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Can BCO or my builder prevent me from moving back in to my own house


Adsibob
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16 hours ago, Adsibob said:

Yes, I agree that I just need to take things into my own hands. ...

 

Just Bloody Do It (JBDI)

There is a clear rationale for  your decision  and - most importantly - why you are not doing what you might reasonably be expected to do.  You are not taking the path of least resistance. 

Very few people understand how much self-building exposes the owner  to random insult. No matter, you just have to keep going.

 

Head Down @rse Up Go.

 

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Mendez and JB Kind do something similar although I’m trying to work out how you’ve ended up with different height doors ..? Has the builder not standardised as handles will move about if you’re trying to hit the stile. 

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5 hours ago, PeterW said:

Mendez and JB Kind do something similar although I’m trying to work out how you’ve ended up with different height doors ..? Has the builder not standardised as handles will move about if you’re trying to hit the stile.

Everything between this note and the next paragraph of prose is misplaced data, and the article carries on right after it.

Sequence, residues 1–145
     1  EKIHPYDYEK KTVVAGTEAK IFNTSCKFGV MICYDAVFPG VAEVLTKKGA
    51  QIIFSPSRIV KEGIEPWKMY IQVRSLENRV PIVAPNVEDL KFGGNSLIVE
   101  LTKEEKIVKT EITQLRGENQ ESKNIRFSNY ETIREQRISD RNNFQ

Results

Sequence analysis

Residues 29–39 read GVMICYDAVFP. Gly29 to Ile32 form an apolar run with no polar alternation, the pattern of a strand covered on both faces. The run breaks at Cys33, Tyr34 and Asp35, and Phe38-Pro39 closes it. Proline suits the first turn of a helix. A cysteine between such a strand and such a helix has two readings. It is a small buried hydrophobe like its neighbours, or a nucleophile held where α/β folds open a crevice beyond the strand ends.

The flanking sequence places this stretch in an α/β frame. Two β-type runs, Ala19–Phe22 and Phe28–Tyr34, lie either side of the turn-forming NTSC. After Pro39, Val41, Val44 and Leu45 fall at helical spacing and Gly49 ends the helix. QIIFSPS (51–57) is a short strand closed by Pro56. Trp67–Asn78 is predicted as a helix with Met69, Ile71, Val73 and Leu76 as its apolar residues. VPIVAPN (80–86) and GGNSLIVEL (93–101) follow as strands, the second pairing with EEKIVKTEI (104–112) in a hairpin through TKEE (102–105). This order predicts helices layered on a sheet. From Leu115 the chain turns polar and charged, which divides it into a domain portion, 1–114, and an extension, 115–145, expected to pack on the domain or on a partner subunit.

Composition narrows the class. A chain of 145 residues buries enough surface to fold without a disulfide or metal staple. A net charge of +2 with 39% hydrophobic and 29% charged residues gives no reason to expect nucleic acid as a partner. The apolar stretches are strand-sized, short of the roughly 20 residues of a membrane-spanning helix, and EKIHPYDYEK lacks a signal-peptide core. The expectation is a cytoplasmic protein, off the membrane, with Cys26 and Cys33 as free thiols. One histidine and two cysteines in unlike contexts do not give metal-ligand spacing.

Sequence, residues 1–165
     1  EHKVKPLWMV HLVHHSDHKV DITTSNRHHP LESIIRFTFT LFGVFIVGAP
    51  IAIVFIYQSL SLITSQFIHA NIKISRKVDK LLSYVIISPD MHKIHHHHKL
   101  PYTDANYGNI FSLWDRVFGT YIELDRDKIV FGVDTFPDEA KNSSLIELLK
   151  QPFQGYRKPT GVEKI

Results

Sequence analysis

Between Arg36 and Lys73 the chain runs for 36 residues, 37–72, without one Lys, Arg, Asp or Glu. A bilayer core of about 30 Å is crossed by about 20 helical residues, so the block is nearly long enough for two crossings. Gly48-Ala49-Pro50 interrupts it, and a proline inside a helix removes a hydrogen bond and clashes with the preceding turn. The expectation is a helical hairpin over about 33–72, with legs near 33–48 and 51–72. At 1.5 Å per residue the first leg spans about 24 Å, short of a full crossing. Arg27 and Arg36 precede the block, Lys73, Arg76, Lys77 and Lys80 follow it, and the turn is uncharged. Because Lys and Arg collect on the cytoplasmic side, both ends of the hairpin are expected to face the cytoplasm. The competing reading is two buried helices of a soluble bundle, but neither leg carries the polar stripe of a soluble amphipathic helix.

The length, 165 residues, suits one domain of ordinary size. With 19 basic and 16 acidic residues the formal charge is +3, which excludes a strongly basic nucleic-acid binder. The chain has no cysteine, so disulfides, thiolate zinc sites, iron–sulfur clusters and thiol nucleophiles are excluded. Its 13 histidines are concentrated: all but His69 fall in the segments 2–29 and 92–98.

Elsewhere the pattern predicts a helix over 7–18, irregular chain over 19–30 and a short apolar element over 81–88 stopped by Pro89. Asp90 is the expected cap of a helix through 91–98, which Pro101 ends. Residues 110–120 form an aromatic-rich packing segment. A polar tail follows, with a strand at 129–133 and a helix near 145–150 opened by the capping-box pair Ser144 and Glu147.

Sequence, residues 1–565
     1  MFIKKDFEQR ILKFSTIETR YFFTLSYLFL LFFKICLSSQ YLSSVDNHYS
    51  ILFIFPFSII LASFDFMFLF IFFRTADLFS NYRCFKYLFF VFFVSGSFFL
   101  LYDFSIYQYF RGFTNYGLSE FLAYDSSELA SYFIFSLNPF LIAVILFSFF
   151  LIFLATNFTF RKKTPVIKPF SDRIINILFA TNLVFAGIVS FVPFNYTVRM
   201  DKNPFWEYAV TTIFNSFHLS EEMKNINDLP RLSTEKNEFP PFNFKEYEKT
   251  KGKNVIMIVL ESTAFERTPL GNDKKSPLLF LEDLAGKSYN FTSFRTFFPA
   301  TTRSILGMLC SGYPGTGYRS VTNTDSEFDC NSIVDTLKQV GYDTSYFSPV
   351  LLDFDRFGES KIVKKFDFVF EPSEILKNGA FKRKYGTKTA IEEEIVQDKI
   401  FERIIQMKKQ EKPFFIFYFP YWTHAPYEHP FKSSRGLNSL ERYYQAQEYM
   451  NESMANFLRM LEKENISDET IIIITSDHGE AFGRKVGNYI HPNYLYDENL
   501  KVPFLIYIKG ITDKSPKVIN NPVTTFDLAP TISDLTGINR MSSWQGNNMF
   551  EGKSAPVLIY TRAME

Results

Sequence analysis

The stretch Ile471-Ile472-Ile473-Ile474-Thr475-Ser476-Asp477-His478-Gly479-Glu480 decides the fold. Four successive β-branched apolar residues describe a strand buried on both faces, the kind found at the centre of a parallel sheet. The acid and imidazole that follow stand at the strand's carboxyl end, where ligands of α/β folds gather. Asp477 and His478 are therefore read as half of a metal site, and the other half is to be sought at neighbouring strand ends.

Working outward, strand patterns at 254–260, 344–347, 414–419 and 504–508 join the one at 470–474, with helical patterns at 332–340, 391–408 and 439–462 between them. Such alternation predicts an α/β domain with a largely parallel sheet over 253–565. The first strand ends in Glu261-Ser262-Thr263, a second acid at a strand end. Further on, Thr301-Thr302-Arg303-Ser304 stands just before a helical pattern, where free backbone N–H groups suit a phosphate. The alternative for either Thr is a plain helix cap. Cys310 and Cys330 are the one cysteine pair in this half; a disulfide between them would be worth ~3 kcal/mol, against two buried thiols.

Thanks @PeterW, I had a look at Mendes but they didn't have what I was looking for. I have simplified things somewhat by changing our door choice to stuff that is generally in stock. I have found almost all of the doors that I need. The one door I am missing is is an unfinished oak door in 2032 x 710 size in this style https://www.todd-doors.co.uk/shaker-1-panel-oak-fd30-fire-door, i.e. a simply shaker (this one doesn't actually need to be a fire door).

Alternatively I could just buy a blank and add the shaker border to it, but I really wanted to order it at the same time as a matching fire door made by the same manufacturer as it will be going next to a fire door that is 2032 x 813 (and which is linked to above) so would be good if the wood grain and oak type were the same.

To answer your question, almost all of our doors are 2032 high, but the widths vary and sometimes I've found doors supplied as 2032 high in the right width, whereas other times the right width is only available if I go for 2040 and trim it. Sometimes trimming by 8mm is possible, sometimes it's not - depends on the manufacturer and how generous they are with their lippings.

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On 19/01/2022 at 15:28, Adsibob said:

Yes, I agree that I just need to take things into my own hands. Ultimately, the house, even without fire doors, will have a sprinkler system on the ground floor and an alarm system throughout and brand new appliances. It will be far safer from a fire regs perspective than what was there before, so it really comes down to just bureaucracy.

With a sprinkler system who needs fire doors. No one has EVER died from fire in a building fitted with a sprinkler system.

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1 hour ago, Gordo said:

With a sprinkler system who needs fire doors. No one has EVER died from fire in a building fitted with a sprinkler system.